Estate of Austin D. Herrick v. USA, No. 2:2012cv00671 - Document 35 (D. Utah 2016)
Court Description: MEMORANDUM DECISION and order granting 24 Motion for Summary Judgment. Signed by Judge Dale A. Kimball on 3/25/16. (jlw)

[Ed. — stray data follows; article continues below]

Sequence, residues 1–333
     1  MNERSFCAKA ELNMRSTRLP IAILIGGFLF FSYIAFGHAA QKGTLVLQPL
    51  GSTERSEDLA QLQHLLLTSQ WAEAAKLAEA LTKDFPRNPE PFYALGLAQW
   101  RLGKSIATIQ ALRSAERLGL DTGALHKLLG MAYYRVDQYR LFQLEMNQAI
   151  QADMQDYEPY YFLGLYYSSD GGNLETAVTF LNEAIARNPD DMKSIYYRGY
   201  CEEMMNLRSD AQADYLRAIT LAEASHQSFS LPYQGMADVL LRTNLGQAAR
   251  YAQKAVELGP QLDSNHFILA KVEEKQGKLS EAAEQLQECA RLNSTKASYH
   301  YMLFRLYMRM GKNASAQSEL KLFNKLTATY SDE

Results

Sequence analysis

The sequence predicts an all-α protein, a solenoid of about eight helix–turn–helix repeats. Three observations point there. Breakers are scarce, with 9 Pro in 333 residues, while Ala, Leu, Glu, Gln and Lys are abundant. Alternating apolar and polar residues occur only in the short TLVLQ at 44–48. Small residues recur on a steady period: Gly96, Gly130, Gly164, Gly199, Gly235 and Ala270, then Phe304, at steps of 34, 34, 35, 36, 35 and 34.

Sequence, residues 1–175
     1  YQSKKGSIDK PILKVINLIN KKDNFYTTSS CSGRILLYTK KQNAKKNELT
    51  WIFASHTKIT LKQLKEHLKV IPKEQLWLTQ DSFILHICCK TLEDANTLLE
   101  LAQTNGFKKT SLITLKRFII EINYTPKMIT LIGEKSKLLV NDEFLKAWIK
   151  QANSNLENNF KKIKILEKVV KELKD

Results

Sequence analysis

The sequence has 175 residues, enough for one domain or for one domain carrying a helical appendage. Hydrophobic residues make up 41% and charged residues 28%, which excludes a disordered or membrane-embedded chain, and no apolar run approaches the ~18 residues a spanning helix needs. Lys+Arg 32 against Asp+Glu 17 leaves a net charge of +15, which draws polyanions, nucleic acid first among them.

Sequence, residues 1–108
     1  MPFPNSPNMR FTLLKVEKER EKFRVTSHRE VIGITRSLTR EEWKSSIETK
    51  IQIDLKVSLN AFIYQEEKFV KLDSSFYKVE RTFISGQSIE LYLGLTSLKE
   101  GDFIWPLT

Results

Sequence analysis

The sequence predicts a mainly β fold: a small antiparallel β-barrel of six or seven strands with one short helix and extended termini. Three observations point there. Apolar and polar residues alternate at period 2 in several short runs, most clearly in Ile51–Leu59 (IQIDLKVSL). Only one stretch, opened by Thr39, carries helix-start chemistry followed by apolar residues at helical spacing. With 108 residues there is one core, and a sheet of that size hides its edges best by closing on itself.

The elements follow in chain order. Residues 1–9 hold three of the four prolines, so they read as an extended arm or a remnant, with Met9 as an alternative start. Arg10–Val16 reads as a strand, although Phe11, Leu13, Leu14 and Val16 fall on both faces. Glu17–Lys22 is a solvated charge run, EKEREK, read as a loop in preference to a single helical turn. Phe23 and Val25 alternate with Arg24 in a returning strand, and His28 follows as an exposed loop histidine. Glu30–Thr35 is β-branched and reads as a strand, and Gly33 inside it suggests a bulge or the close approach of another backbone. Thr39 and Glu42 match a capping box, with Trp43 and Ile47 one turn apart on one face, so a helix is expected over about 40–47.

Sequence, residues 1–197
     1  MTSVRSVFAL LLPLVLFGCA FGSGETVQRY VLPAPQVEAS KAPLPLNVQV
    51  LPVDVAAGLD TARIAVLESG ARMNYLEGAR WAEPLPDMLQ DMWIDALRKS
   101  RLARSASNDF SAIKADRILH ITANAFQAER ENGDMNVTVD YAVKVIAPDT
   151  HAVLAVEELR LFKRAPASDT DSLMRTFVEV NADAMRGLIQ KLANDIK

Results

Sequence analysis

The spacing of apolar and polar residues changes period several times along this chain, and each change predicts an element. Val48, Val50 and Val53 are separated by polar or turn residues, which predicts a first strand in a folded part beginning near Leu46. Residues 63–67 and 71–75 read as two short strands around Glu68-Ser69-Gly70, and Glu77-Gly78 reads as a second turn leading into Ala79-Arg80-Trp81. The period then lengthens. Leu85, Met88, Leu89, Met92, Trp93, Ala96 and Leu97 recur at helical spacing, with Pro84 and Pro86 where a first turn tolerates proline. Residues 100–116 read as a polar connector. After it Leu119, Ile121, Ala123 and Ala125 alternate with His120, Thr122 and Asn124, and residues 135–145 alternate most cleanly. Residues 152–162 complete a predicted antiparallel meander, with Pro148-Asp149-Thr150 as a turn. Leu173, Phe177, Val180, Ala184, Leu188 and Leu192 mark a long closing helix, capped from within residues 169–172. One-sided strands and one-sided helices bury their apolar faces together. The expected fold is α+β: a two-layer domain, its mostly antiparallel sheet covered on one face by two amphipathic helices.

Estate of Austin D. Herrick v. USA Doc. 35 ______________________________________________________________________________ IN THE UNITED STATES DISTRICT COURT FOR THE DISTRICT OF UTAH CENTRAL DIVISION ESTATE OF AUSTIN D. HERRICK, Plaintiff, MEMORANDUM DECISION AND ORDER vs. Case No. 2:12CV671DAK UNITED STATES OF AMERICA, Judge Dale A. Kimball Defendants. This matter is before the court on Plaintiff Estate of Austin D. Herrick’s Motion for Summary Judgment. On March 16, 2016, the court held a hearing on the motion. At the hearing, Plaintiff was represented by Paul W. Jones, and Defendant was represented by Rick Watson. The court took the motion under advisement. The court has considered carefully the memoranda submitted by the parties, as well as the law and facts relating to the motion. Now being fully advised, the court issues the following Memorandum Decision and Order. BACKGROUND Plaintiff seeks a tax refund from the Internal Revenue Service for the calendar years 2000 through 2006. Plaintiff is the Estate of Austin D. Herrick. Herrick, a U.S. citizen, lived and worked in the Philippines during the time frame relevant to the claims for a refund. Plaintiff contends that Herrick mistakenly believed that he would not owe any United States taxes on the Dockets.Justia.com income he earned in the Philippines because of the high rate of tax he paid on that income in the Philippines. Therefore, Herrick did not file United States tax returns from 2000 through 2006. When Herrick failed to file United States tax returns, the IRS prepared “substitute” tax returns for Herrick for the years 2000 through 2006. The IRS’s substitute tax returns did not take into account the foreign taxes Herrick paid. The IRS determined that Herrick owed $1,330,162.66 in Unites States taxes. The IRS then levied that amount from Herrick’s United States investment accounts to pay the amounts assessed due from the IRS-prepared substitute tax returns. Herrick died on March 11, 2011. During the administration of his estate, Herrick’s daughter, the administrator of his estate, learned of the tax issues and had U.S. income tax returns prepared and filed for the tax years 2000 through 2006. Unlike the IRS-prepared returns, these tax returns take into account Herrick’s foreign taxes paid and apply the foreign earned income exclusion. Based on these returns, Plaintiff seeks a refund. American taxpayers living and working overseas are, under certain circumstances, permitted to adjust their U.S. tax liabilities by excluding some of the foreign-earned income (26 U.S.C. § 911) and through the application of a credit for foreign taxes actually paid (26 U.S.C. § 901). The parties dispute whether Plaintiff is entitled to the benefit of the exclusion and/or credit. DISCUSSION Plaintiff’s Motion for Summary Judgment The parties agree that Plaintiff has satisfied the three jurisdictional requirements for seeking a tax refund: (1) full payment of the tax assessed; (2) timely filing of a refund claim with 2 the IRS; and (3) compliance with the statute of limitations for filing a refund suit. After meeting these requirements, the taxpayer must then demonstrate that the IRS’s assessment is incorrect and prove the correct amount of tax. United States v. General Dynamics, 481 U.S. 239 (1987). In this case, the parties dispute whether Plaintiff has established the amount of refund, if any, is due because they disagree on whether Plaintiff is entitled to the foreign tax credit and the foreign earned income exclusion. 1. Foreign Tax Credit First, Plaintiff argues that the IRS’s assessments for the years 2000 through 2006 are not correct because they fail to account for the foreign tax credit. Plaintiff asserts that Herrick was entitled to the credit because of his payment of income tax to the Philippines during those years. Plaintiff must establish the actual amount of taxes ultimately paid to the Bureau of Internal Revenue of the Philippines (“BIR”) before this credit can be applied and accurately calculated. The parties agree that Herrick lived, worked, and paid taxes in the Philippines. Prior to the filing of this action, Plaintiff provided the IRS with Herrick’s copies of the tax returns he filed in the Philippines. During discovery in this case, Plaintiff obtained Herrick’s employer’s records relating to Herrick’s tax filings from 2000 through 2006 and a certification from the BIR with respect to the taxes Herrick paid from 2001 through 2006. The BIR did not provide a certification for the year 2000 because neither the BIR nor Herrick’s employer could locate the specific form, Form 1604-CF, showing the transmittal of the tax payment. However, Herrick and his employer both have record of his Philippines tax returns (Forms 1700 and 2316) for the year 2000. 3 Defendant argues that the tax returns from Herrick’s records and his employer’s records are not sufficient for the year 2000. In addition, Defendant contends that the information for the years 2001-2006 does not demonstrate whether subsequent adjustments were made that could have resulted in a reduced amount of those liabilities. Therefore, Defendant claims that the present record does not allow any party to calculate the correct amount of tax refund due, if any, to Plaintiff. In the alternative, Defendant asks the court to defer ruling on Plaintiff’s motion until Defendant can obtain additional information from the BIR. Plaintiff unsuccessfully attempted to obtain complete account transcripts for each tax year from the BIR. After being informed of this fact, Defendant requested the information under a tax treaty between the United States and the Philippines. A response to that request was due December 15, 2015, but has not yet been received. Defendant requests the court to defer action on the motion under FRCP 56(d) until such information is received. However, there is no evidence that the amount of taxes on the year 2000 returns is incorrect or that adjustments were later made to the taxes paid for 2001-2006, which have been certified by the Philippines BIR. Defendant is merely speculating that there may be additional information. Rule 56(b) requires more than speculation that there may be additional facts that could be found. Plaintiff explained, and Defendant did not disagree, that under the Philippines’ tax law, adjustments and refunds are facilitated through employers rather than the Philippines BIR. Employers are required by the National Internal Revenue Code to deduct and withhold income tax from the compensation of their employees. If it is determined that the tax withheld from the employee’s compensation has exceeded his or her tax due for the entire year, the employer is required to give the tax refund by a given date. Any information regarding 4 adjustments or refunds, therefore, would be in the possession of Herrick’s employer, not the BIR, and there is no such evidence. Therefore, the court concludes that, based on the evidence before the court, which the court finds sufficient, Plaintiff is entitled to apply the foreign tax credit to his 2000-2006 tax returns. 2. Foreign Earned Income Exclusion Second, Plaintiff contends that the IRS’s assessments of Herrick’s taxes are incorrect because it does not apply the foreign earned income exclusion. See 26 U.S.C. § 911. Herrick was eligible for the exclusion because he spent more than 330 days of each calendar year in a country other than the United States and qualified as a “bona fide resident” of the Philippines from 2000 through 2006. However, Defendant contends that Plaintiff is not entitled to the foreign earned income exclusion, set out in 26 U.S.C. § 911, because that exclusion is only available if a taxpayer makes an election on a timely filed income tax return, an amendment to a timely filed return, or within one year after the due date of the return. Id.; 26 C.F.R. § 1.911-7(a)(2). In this case, it is undisputed that Herrick did not file timely returns. In addition, the estate did not file returns until May 2, 2011, well beyond one year after the due date of the return for the last year at issue (2006). Defendants argument, however, relies only on the first three subsections of Treasury Regulation § 1.911-7(a)(2)(i) and ignores the fourth subsection, Subsection (D). Subsection (D) applies when the income tax return is filed after the periods described in subsections (A) through (C). Subsection (D) allows a section 911 election to be made 5 (D) With an income tax return filed after the period described in paragraphs (a)(2)(I) (A), (B), or (C) of this section provided (1) The taxpayer owes no federal income tax after taking into account the exclusion and files Form 1040 with Form 2555 or a comparable form attached either before or after the Internal Revenue Service discovers that the taxpayer failed to elect the exclusion; or (2) The taxpayer owes federal income tax after taking into account the exclusion and files Form 1040 with Form 2555 or a comparable form attached before the Internal Revenue Service discovers that the taxpayer failed to elect the exclusion. Treasury Regulation § 1.911-7(a)(2)(i)(D) plainly allows a taxpayer to make the foreign earned income exclusion after the time periods cited by Defendant have expired in certain situations. In addition, Plaintiff cites to IRS Chief Counsel Advice 200226010, issued March 20, 2002, referring to the Treasury Regulation, as support for its assertion that the foreign earned income exclusion can be filed at any time: “The intent of this [treasury] regulation is to allow a taxpayer whose only income at issue is excluded foreign earned income to file a late section 911 election.” Counsel Advise 20022610 further states that “the tax examiner should examine whether a taxpayer has a refund or a balance due. If the taxpayer has a refund or no balance due, the taxpayer ‘owes no federal income tax under Treas. Reg. §§ 1.911-7(a)(2)(D)(1) and (2) and does not need to request a private letter ruling from us.” Plaintiff asserts that Herrick owes no federal income tax under Treasury Regulation § 1.911-7(a)(2)(i)(D) because it is undisputed that all assessed tax payments have been paid prior to the filing of these refund claims. Therefore, Plaintiff claims that its foreign earned income elections were validly filed under Subsection (D) even though they were filed after the periods set forth in Treasury Regulation § 1.911-7(a)(2)(i)(A), (B), or (C). 6 In analyzing whether Plaintiff fits within Treasury Regulation § 1.911-7(a)(2)(i)(D), the court notes that there are two prongs to Subsection (D). Under the first prong of subsection (D), if Herrick owes no federal income tax after taking into account the exclusion, he can file late and take advantage of the exclusion whether or not the IRS has discovered his failure to elect the exclusion. Plaintiff claims that the first prong of subsection (D) applies because the IRS already has Herrick’s money and it does not owe the IRS. This analysis, however, ignores that Herrick had income in addition to his foreign earned income. Herrick had interest and dividend interest in addition to his foreign earned income and Plaintiff admits that Herrick would have had about $73,000 in tax liability for 2000-2006 even with the exclusion applied. Therefore, although there is no tax owing, the first prong of Subsection (D) does not appear to apply to this case. The second prong of Subsection (D), however, applies if there is still some tax liability owing but the IRS has not discovered that Herrick failed to elect the exclusion. Because Herrick has some tax liability for interest and dividend income in addition to his foreign earned income, the second prong applies if Plaintiff made the election before the IRS discovered Herrick’s failure to elect the exclusion. In this case, the IRS discovered that Herrick failed to file tax returns from 2000-2006, but that does not necessarily mean that the IRS discovered Herrick’s failure to elect the exclusion. The IRS did not apply the foreign earned income exclusion when it filed the substitute tax returns for Herrick. Therefore, there is no evidence that the IRS discovered that Herrick failed to elect the exclusion. Plaintiff notified the IRS that the exclusion applied when it filed Herrick’s tax returns. Therefore, the court concludes that Plaintiff timely made a § 911 election of the foreign earned income exclusion under the second prong of 7 Subsection (D) and the foreign earned income exclusion applies to Herrick’s 2000-2006 tax returns. 3. Refund Amount Based on the above analysis, the court concludes that the facts necessary for determining the proper refund are before the court. Plaintiff is entitled to a refund when the foreign tax credit and the foreign earned income exclusion are correctly applied to Herrick’s 2000-2006 tax returns. In addition, when a taxpayer overpays tax and is not paid the overpayment until after the due date of the return, 26 U.S.C. § 6611 interest accrues on the balance of the overpayment and is also payable to the taxpayer. Plaintiff’s counsel has provided the court with detailed calculations, including the refund amount and interest due to Plaintiff and the tax, penalties, and interest due to the IRS. The court has reviewed these calculations and supporting documentation and concludes that such calculations are correct. Plaintiff calculates that it is entitled to a refund plus interest, less tax, penalties, and interest due the IRS, in the amount of $1,197,979.15. The court concludes that Plaintiff has properly met its burden of establishing the correct amount of refund and Plaintiff is entitled to summary judgment in its favor in the amount of $1,197,979.15. CONCLUSION Based on the above reasoning, Plaintiff’s Motion for Summary Judgment [Docket No. 24] is GRANTED. Plaintiff is entitled to judgment against Defendant in the amount of $1,197,979.15. The Clerk of Court is directed to enter Judgment in Plaintiff’s favor and close the case, each party to bear its own fees and costs. 8 Dated this 25th day of March, 2016. BY THE COURT: ________________________________________ Dale A. Kimball, United States District Judge 9